Programmers' Resources

Slowpipe allows the restriction of bandwidth on a modem network connection where a Unix pipe may be used. It was written to address a problem for users of a small network connected to a larger network with a low bandwidth connection.

If you use such a connection for both interactive work, and transfer of large files it is possible that using programs such as ftp will consume all available bandwith, making the use of terminal emulators, X-windows etc., near impossible until the transfer is complete.

Slowpipe is a simple pipe filter intended to pass all characters through unchanged, but to limit the transfer rate. It does not however have any special knowledge of TCP/IP or other protocols. You may wish to change the packet sizes to multiples of the MTU to your host network for optimal performance if you are able to establish this. The default values though have been found to work satisfactorily on more than one network. The ideal solution is to reconfigure the router to your host network to restrict bandwidth on specific ranges of TCP/IP port numbers though this was not possible in my case.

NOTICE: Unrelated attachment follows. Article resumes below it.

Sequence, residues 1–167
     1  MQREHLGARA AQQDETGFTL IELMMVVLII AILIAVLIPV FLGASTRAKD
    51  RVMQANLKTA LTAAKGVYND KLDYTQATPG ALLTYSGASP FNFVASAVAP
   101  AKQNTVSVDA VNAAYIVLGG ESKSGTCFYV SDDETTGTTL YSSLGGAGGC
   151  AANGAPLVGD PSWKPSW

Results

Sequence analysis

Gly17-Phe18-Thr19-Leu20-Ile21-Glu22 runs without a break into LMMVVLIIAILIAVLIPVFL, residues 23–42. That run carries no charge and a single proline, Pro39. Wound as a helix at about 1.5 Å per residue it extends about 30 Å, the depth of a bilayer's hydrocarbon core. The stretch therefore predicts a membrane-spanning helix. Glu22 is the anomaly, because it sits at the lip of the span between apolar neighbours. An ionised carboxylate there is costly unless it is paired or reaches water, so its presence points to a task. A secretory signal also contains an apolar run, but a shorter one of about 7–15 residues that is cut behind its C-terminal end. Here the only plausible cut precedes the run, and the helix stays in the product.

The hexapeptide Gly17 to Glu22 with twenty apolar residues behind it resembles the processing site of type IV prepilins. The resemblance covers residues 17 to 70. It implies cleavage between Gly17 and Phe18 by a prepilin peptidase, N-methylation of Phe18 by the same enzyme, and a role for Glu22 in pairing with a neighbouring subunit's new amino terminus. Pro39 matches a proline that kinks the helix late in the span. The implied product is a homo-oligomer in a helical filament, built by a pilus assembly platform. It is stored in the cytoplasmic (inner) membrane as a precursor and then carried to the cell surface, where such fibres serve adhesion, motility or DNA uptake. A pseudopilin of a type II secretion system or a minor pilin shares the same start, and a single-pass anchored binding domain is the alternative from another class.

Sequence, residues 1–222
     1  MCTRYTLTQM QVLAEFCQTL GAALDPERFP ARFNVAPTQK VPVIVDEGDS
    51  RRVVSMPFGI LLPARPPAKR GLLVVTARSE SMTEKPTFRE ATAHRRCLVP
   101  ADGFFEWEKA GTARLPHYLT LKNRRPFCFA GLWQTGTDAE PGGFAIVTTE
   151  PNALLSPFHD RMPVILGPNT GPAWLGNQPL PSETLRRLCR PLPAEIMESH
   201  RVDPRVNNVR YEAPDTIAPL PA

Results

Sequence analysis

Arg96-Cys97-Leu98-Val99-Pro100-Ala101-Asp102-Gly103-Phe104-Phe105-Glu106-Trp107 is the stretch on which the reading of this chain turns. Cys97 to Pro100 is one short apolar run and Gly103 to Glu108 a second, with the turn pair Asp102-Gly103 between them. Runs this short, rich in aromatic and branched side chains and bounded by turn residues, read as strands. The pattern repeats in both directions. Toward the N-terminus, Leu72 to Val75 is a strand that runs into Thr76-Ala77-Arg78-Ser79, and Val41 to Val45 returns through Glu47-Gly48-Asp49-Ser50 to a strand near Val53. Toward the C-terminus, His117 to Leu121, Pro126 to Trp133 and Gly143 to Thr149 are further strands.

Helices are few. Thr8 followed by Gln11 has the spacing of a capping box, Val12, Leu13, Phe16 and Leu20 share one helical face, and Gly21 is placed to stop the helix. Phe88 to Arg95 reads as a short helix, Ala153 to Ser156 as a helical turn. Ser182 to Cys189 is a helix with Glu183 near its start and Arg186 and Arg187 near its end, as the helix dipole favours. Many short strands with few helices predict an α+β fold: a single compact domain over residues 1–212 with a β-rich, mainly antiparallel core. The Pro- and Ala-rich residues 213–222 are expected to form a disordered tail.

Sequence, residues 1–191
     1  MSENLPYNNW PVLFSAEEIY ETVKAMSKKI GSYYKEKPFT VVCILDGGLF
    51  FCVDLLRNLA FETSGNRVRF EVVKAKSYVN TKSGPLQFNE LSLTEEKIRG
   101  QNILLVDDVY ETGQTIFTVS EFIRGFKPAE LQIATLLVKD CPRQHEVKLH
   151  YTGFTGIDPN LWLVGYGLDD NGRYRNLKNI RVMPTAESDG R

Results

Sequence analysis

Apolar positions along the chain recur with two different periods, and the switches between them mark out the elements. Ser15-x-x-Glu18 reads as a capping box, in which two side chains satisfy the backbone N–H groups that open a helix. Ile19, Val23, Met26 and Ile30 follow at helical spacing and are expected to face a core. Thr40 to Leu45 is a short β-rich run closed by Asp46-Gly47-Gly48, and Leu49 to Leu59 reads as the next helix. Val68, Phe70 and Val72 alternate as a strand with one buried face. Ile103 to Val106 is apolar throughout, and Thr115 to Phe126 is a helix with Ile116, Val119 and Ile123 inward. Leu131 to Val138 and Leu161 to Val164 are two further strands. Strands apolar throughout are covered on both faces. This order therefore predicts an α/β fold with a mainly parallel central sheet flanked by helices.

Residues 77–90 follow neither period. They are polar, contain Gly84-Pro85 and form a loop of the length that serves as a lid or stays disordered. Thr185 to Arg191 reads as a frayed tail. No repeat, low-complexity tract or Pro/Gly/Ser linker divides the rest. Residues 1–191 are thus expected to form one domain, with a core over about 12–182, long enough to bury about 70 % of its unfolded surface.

Slowpipe has been tested under Linux and AIX and appears to perform as expected - though I offer no guarantees as this is free software. The user of the software must test their build. No liabilty shall be accepted for failure to perform as expected or consequential damages.

I emphasise that this is a simple solution and better solutions may exist - but it solved our problem.

The timing loop assumes that it takes zero time to read from the standard input. You will find the actual transfer rates to be marginally incorrect, though they are accurate enough to provide control.

Transfer rates are specified in kilobytes per second. As a guidline, try about one third of the rate you can achieve with ftp.

Example: to copy a directory tree to the home directory on a remote system

tar cvf - | slowpipe 2.0 | rsh remotehost tar xvf -

where remotehost is the name of the remote system

Last updated 3 November 1996

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